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Novel acoustic method provides first detailed measurements of sediment concentration structure within submarine turbidity currents

Novel acoustic method provides first detailed measurements of sediment concentration structure within submarine turbidity currents
Novel acoustic method provides first detailed measurements of sediment concentration structure within submarine turbidity currents
Turbidity currents transport prodigious volumes of sediment to the deep sea. But there are very few direct measurements from oceanic turbidity currents, ensuring they are poorly understood. Recent studies have used acoustic Doppler current profilers (ADCPs) to measure velocity profiles of turbidity currents. However, there were no detailed measurements of sediment concentration, which is a critical parameter because it provides the driving force and debate centers on whether flows are dilute or dense. Here we provide the most detailed measurements yet of sediment concentration in turbidity currents via a new method using dual‐frequency acoustic backscatter ADCP data. Backscatter intensity depends on size and concentration of sediment, and we disentangle these effects. This approach is used to document the internal structure of turbidity currents in Congo Canyon. Flow duration is bimodal, and some flows last for 5–10 days. All flows are mainly dilute (<10 g/L), although faster flows contain a short‐lived initial period of coarser‐grained or higher‐concentration flow within a few meters of the bed. The body of these flows tends toward a maximum speed of 0.8–1 m/s, which may indicate an equilibrium in which flow speeds suspend available sediment. Average sediment concentration and flow thickness determine the gravitational driving force, which we then compared to average velocities. This comparison suggests surprisingly low friction values, comparable to or less than those of major rivers. This new approach therefore provides fundamental insights into one of the major sediment transport processes on Earth.
2169-9275
1-24
Simmons, S.M.
1aa65c10-98f2-4e55-aa91-9e6edcd9c5ab
Azpiroz‐zabala, M.
d26dcdf2-afdd-4788-a6ca-b70360f238c5
Cartigny, M.J.B.
d252d7b1-16c6-47b1-bf86-8087070934ce
Clare, M.A.
b26da858-9c08-4784-aaa9-7092efcd94bd
Cooper, C.
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Parsons, D.R.
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Pope, E.L.
2043c317-9ba0-4cbb-a47f-a36f9020417e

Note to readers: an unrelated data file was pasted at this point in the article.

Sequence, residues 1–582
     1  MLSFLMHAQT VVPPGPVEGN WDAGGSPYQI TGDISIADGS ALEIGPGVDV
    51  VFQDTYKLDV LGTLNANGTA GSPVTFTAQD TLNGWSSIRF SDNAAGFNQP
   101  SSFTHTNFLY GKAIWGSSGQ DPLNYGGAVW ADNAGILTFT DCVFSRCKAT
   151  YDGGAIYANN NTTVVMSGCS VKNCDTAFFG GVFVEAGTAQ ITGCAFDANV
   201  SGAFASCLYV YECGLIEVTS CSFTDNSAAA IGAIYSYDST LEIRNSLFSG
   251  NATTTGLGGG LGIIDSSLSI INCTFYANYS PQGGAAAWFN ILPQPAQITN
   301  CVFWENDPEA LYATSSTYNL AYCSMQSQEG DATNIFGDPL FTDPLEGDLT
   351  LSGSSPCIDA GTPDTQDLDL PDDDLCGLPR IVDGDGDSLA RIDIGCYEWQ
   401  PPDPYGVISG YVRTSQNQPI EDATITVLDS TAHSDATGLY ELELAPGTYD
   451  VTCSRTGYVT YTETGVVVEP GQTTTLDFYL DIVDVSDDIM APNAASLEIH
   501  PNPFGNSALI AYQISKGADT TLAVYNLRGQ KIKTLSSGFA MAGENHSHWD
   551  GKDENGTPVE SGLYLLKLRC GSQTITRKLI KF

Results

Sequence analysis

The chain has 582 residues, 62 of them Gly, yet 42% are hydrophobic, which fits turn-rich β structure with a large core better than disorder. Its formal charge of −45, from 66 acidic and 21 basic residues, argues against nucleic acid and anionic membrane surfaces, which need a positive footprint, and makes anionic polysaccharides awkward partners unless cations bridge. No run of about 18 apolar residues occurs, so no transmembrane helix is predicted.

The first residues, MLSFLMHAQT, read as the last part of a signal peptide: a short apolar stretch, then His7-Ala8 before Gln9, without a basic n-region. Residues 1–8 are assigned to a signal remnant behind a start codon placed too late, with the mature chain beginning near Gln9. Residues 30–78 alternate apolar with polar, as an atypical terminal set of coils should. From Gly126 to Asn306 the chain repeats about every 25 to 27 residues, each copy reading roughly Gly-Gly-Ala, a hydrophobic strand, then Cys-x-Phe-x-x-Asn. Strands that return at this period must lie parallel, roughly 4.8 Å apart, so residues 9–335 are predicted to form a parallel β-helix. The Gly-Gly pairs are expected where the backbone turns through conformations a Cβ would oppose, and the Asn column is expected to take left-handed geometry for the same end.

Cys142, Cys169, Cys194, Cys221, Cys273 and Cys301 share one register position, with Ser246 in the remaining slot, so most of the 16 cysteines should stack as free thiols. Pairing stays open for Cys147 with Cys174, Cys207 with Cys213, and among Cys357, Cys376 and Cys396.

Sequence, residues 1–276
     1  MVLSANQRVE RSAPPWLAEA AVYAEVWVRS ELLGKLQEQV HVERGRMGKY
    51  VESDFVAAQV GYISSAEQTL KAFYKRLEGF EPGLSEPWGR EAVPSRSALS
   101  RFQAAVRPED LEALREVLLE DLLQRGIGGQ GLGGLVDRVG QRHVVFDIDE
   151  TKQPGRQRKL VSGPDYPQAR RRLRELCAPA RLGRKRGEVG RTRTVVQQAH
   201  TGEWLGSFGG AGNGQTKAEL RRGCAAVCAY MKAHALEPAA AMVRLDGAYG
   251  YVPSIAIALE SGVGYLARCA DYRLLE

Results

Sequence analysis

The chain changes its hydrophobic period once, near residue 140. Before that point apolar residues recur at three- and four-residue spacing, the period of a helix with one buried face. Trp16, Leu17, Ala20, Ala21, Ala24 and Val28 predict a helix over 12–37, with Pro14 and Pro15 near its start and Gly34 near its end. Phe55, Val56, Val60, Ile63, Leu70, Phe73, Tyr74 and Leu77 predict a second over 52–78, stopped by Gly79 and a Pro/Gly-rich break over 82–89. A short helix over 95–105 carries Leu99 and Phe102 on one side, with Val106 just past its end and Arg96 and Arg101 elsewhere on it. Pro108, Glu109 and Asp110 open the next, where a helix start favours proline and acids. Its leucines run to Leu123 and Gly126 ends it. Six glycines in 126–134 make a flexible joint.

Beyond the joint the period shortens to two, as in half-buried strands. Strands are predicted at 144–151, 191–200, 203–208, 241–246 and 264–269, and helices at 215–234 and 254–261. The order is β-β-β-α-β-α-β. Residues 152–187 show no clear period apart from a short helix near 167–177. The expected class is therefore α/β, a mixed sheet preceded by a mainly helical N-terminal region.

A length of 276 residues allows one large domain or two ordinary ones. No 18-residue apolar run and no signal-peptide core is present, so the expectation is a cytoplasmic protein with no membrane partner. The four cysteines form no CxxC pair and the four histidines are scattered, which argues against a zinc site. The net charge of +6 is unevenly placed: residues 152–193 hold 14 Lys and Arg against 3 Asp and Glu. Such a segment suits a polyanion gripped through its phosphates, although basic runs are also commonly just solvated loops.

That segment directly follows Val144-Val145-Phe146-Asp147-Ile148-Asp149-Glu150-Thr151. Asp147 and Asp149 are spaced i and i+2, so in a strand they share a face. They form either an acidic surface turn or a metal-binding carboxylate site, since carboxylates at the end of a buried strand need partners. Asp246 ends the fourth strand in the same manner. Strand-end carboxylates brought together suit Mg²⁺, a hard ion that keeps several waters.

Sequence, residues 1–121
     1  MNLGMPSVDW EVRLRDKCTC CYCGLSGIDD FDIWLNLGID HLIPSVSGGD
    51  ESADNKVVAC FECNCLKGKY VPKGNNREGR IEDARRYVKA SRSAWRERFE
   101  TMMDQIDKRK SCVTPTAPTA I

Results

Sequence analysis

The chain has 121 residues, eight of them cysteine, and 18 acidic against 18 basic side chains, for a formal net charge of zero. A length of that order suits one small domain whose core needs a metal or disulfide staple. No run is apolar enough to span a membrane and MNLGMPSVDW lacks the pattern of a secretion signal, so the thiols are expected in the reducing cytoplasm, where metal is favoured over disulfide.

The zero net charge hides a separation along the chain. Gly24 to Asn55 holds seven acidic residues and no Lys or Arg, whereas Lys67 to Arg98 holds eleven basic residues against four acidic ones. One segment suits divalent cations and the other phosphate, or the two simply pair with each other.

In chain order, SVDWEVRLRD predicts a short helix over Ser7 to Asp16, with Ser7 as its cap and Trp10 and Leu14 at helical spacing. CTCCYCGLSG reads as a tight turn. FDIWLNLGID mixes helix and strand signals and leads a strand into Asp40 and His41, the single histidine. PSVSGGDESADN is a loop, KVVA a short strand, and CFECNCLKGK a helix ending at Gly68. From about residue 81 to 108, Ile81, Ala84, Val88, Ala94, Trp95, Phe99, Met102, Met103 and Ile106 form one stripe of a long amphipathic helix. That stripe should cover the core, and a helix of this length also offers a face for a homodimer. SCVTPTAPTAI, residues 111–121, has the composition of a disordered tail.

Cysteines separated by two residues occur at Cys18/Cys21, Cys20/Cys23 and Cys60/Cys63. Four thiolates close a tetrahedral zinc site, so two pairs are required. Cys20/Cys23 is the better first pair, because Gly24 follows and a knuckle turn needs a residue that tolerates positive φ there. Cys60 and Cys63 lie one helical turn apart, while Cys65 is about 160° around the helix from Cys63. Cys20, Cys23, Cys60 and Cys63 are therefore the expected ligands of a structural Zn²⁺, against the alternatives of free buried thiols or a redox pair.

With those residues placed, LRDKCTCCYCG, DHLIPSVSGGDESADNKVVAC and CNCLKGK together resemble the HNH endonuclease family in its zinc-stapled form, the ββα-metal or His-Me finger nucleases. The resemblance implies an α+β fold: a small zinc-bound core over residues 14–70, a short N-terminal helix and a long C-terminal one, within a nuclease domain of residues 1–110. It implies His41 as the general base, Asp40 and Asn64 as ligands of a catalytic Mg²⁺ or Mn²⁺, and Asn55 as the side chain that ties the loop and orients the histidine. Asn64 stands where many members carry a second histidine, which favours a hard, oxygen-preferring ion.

Sumner, E.J.
dbba4b92-89cc-45d9-888e-d0e87e5c10ac
Talling, P.J.
1cbac5ec-a9f8-4868-94fe-6203f30b47cf
Simmons, S.M.
1aa65c10-98f2-4e55-aa91-9e6edcd9c5ab
Azpiroz‐zabala, M.
d26dcdf2-afdd-4788-a6ca-b70360f238c5
Cartigny, M.J.B.
d252d7b1-16c6-47b1-bf86-8087070934ce
Clare, M.A.
b26da858-9c08-4784-aaa9-7092efcd94bd
Cooper, C.
fedb5a0e-4ed9-4d66-84cd-cb9b6da23efb
Parsons, D.R.
53a48efb-7db1-458b-b86e-d9a60c7ec5d1
Pope, E.L.
2043c317-9ba0-4cbb-a47f-a36f9020417e
Sumner, E.J.
dbba4b92-89cc-45d9-888e-d0e87e5c10ac
Talling, P.J.
1cbac5ec-a9f8-4868-94fe-6203f30b47cf

Simmons, S.M., Azpiroz‐zabala, M., Cartigny, M.J.B., Clare, M.A., Cooper, C., Parsons, D.R., Pope, E.L., Sumner, E.J. and Talling, P.J. (2020) Novel acoustic method provides first detailed measurements of sediment concentration structure within submarine turbidity currents. Journal of Geophysical Research: Oceans, 125 (5), 1-24, [e2019JC015904]. (doi:10.1029/2019JC015904).

Record type: Article

Abstract

Turbidity currents transport prodigious volumes of sediment to the deep sea. But there are very few direct measurements from oceanic turbidity currents, ensuring they are poorly understood. Recent studies have used acoustic Doppler current profilers (ADCPs) to measure velocity profiles of turbidity currents. However, there were no detailed measurements of sediment concentration, which is a critical parameter because it provides the driving force and debate centers on whether flows are dilute or dense. Here we provide the most detailed measurements yet of sediment concentration in turbidity currents via a new method using dual‐frequency acoustic backscatter ADCP data. Backscatter intensity depends on size and concentration of sediment, and we disentangle these effects. This approach is used to document the internal structure of turbidity currents in Congo Canyon. Flow duration is bimodal, and some flows last for 5–10 days. All flows are mainly dilute (<10 g/L), although faster flows contain a short‐lived initial period of coarser‐grained or higher‐concentration flow within a few meters of the bed. The body of these flows tends toward a maximum speed of 0.8–1 m/s, which may indicate an equilibrium in which flow speeds suspend available sediment. Average sediment concentration and flow thickness determine the gravitational driving force, which we then compared to average velocities. This comparison suggests surprisingly low friction values, comparable to or less than those of major rivers. This new approach therefore provides fundamental insights into one of the major sediment transport processes on Earth.

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Accepted/In Press date: 30 March 2020
e-pub ahead of print date: 6 April 2020
Published date: 1 May 2020

Identifiers

Local EPrints ID: 442941
URI: http://eprints.soton.ac.uk/id/eprint/442941
ISSN: 2169-9275
PURE UUID: 44724751-8a8a-419b-9d06-2f2bc114f7cd

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Date deposited: 03 Aug 2020 16:49
Last modified: 06 Oct 2020 22:54

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